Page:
Blockbuster History

Blockbuster, Inc., is the company that oversees Blockbuster Video stores and Blockbuster Online mail-order rental service. It is a worldwide brand, operating in more than 20 countries, but the majority of its operations are based in the United States. Its stores are ubiquitous. You can find them almost anywhere in the country due to the large number of franchises and many corporate-owned stores. Blockbuster operated more than 7,000 stores as of January 2009 and reported $5.29 billion in revenue for fiscal year 2008.

BeginningsDavid and Sandy Cook started the company now known as Blockbuster Inc., in 1982, just when the VCR started make headway in American homes. It was originally known as Cook Data Services. David, a former software engineer, had what at the time were revolutionary ideas on how to make the rental business more cost-effective and efficient. In 1985, the first Blockbuster Video store opened up in Dallas, Texas, to serve as a competitor to the many local video stores that dotted the country.

InnovationThe Blockbuster store had a larger selection, at 8,000 tapes, than these family-owned video shops. It also had computerized inventory and the tapes were left out on store shelves, which made the checking-out process much faster. Other video stores required customers to sign out each tape individually and then wait for the clerk to get the tape out of a back room. The Blockbuster model also allowed customers to keep movies out for three nights instead of one, made stores family-friendly by refusing to stock adult films and stayed open until midnight every night of the week, even Sundays.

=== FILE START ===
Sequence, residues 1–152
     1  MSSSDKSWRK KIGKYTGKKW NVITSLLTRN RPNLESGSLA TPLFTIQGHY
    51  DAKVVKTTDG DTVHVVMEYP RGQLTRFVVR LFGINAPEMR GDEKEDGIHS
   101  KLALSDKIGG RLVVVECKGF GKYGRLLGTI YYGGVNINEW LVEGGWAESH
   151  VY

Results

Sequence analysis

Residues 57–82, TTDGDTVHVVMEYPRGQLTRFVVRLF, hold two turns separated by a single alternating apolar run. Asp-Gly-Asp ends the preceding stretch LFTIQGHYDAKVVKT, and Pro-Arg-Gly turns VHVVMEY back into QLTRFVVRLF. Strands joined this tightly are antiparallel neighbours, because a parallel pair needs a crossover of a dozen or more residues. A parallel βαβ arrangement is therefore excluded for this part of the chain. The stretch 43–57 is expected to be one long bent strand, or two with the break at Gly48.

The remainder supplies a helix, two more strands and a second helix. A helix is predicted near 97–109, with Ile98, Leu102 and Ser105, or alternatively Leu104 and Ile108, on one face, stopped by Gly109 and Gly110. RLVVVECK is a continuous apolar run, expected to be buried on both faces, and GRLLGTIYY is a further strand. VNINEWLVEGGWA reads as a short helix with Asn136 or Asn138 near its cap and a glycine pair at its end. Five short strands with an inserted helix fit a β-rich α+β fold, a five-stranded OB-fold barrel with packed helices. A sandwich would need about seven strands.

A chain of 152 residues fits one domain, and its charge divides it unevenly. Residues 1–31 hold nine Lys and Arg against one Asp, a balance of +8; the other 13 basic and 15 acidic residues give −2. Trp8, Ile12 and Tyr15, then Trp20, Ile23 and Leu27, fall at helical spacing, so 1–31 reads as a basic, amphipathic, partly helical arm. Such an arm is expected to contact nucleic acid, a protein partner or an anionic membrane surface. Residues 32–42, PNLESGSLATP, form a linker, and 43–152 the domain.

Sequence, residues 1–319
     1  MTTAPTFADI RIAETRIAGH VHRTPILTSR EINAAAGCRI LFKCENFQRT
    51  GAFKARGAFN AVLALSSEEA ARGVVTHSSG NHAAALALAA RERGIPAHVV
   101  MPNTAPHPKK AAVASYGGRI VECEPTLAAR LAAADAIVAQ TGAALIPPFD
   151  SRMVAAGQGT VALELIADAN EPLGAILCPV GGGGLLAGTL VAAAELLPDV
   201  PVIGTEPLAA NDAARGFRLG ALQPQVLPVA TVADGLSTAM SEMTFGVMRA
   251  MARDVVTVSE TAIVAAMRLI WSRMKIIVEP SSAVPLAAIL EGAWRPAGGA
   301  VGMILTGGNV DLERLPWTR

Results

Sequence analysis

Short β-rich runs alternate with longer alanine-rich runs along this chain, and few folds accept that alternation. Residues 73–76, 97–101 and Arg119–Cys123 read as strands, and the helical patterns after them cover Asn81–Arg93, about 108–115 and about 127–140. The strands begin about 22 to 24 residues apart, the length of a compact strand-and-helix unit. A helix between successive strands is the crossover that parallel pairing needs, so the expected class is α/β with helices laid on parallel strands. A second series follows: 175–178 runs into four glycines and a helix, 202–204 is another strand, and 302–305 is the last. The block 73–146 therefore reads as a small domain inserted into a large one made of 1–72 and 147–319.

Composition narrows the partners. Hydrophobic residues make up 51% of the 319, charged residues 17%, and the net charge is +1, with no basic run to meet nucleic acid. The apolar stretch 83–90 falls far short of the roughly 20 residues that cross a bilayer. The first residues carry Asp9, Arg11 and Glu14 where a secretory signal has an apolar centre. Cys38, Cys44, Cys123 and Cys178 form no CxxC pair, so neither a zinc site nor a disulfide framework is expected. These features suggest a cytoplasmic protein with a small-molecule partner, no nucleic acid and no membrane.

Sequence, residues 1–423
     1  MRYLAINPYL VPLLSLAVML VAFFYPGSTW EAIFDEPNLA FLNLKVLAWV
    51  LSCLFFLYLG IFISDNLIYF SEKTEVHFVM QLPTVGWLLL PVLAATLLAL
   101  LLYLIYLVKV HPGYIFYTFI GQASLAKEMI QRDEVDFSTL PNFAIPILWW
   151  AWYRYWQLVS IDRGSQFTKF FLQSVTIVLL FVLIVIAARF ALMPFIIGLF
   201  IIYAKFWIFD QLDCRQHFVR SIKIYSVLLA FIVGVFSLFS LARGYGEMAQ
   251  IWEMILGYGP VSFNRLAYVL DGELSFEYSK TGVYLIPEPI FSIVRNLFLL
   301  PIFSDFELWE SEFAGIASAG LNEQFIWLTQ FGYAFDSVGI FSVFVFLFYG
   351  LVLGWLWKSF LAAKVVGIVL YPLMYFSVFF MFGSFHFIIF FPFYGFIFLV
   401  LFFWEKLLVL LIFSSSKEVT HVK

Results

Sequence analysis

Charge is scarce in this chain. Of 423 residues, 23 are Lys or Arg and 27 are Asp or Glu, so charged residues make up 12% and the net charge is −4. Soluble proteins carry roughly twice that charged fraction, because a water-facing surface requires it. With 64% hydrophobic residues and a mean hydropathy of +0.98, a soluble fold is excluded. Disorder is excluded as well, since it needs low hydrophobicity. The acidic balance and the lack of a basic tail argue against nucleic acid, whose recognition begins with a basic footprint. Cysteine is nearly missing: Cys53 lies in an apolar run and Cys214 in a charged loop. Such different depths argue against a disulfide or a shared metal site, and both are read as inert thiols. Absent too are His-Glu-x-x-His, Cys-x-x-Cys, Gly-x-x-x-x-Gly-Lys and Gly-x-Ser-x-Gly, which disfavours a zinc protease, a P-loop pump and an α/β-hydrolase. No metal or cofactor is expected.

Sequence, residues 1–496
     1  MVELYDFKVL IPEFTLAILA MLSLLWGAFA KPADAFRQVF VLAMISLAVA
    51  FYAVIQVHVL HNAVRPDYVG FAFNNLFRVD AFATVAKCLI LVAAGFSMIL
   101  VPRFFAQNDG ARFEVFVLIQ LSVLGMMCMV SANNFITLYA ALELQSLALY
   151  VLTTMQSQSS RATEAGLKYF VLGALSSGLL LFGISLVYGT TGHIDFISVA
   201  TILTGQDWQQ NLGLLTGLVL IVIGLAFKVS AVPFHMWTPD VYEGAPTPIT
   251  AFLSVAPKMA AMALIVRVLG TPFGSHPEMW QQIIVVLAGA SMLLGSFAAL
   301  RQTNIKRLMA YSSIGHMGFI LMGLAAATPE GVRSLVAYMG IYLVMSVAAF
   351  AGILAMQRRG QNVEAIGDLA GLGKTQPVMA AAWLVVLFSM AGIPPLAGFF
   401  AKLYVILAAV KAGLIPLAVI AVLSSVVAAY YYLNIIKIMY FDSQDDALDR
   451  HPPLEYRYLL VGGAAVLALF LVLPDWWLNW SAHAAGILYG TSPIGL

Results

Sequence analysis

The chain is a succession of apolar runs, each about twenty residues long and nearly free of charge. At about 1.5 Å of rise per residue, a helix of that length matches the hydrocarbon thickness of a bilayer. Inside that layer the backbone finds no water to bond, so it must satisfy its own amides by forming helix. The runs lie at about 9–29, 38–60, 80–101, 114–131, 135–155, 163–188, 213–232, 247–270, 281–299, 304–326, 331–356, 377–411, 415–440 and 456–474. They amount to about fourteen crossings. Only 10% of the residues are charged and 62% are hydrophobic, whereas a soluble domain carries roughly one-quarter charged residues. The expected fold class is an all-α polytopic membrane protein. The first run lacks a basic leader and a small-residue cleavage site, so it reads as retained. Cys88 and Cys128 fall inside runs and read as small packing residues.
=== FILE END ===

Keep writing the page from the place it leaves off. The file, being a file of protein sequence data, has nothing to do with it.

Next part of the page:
ExpansionThe Cooks' model was so successful that they had three more stores open by 1986. That's when they decided to rename their company Blockbuster Entertainment Corporation. The Cooks left the company in 1987, putting investor Wayne Huizenga in control. He favored aggressive expansion, which led to 15 corporate stores and 20 franchises by June 1987 and 133 stores by the end of that year. The company opened six regional offices in its push to operate from coast to coast.

TakeoversOne move of Blockbuster's that ultimately led to some backlash was its practice of buying up local video chains. These chains included Major Video, Inc.; Oklahoma Entertainment, Inc.; Vector Video, Inc. and several others. By the early 1990s, industry experts began to wonder if the chain was beginning to oversaturate the market. In response, it turned to overseas operations, opening up in the U.K. It now has major operations in Europe, South America, Australia and Japan.

The FallIn the late 1990s and early 2000s, Blockbuster started to get some real competition from the burgeoning online rental market as DVDs started to replace tapes. Its major competitor was Netflix, launched in 1999. DVDs were inexpensive to ship and not as fragile as tapes, plus they were much less expensive to purchase for renting out. Fewer people headed to the stores since they could rent movies at home over the Web. Though the company went public in 1999, it began reporting significant losses.

ChangesIn 2004 the company launched its own online rental service, Blockbuster Online, to try to gain back some of its market share. The system of charging late fees by the night was replaced with a new model that let customers buy their rented DVDs after a certain time period instead.

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